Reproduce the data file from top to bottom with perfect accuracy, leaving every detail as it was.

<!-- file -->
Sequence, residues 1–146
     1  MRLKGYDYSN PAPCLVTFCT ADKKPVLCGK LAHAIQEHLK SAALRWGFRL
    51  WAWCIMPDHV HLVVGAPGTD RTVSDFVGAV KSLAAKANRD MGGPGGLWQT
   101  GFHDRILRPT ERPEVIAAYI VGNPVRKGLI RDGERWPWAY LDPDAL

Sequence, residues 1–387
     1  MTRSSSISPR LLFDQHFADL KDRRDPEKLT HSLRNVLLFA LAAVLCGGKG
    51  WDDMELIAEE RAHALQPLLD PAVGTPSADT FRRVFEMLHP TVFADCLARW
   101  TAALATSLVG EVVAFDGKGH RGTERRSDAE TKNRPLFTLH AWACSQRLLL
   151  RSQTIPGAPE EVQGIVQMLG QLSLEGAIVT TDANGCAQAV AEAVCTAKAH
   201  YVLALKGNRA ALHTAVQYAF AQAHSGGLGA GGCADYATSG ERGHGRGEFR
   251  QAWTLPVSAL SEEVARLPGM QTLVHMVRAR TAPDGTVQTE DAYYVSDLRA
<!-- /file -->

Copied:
Sequence, residues 1–146
     1  MRLKGYDYSN PAPCLVTFCT ADKKPVLCGK LAHAIQEHLK SAALRWGFRL
    51  WAWCIMPDHV HLVVGAPGTD RTVSDFVGAV KSLAAKANRD MGGPGGLWQT
   101  GFHDRILRPT ERPEVIAAYI VGNPVRKGLI RDGERWPWAY LDPDAL

Sequence, residues 1–387
     1  MTRSSSISPR LLFDQHFADL KDRRDPEKLT HSLRNVLLFA LAAVLCGGKG
    51  WDDMELIAEE RAHALQPLLD PAVGTPSADT FRRVFEMLHP TVFADCLARW
   101  TAALATSLVG EVVAFDGKGH RGTERRSDAE TKNRPLFTLH AWACSQRLLL
   151  RSQTIPGAPE EVQGIVQMLG QLSLEGAIVT TDANGCAQAV AEAVCTAKAH
   201  YVLALKGNRA ALHTAVQYAF AQAHSGGLGA GGCADYATSG ERGHGRGEFR
   251  QAWTLPVSAL SEEVARLPGM QTLVHMVRAR TAPDGTVQTE DAYYVSDLRA